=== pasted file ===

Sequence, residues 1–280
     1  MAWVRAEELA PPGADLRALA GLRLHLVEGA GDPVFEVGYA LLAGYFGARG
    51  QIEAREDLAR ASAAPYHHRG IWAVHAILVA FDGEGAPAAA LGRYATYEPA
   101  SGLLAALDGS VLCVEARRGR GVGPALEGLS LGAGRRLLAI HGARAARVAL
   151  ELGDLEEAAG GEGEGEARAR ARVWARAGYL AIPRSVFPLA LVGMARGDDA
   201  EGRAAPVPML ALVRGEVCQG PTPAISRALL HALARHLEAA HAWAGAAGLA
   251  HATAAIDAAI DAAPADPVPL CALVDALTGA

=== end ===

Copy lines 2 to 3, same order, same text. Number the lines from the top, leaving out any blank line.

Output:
     1  MAWVRAEELA PPGADLRALA GLRLHLVEGA GDPVFEVGYA LLAGYFGARG
    51  QIEAREDLAR ASAAPYHHRG IWAVHAILVA FDGEGAPAAA LGRYATYEPA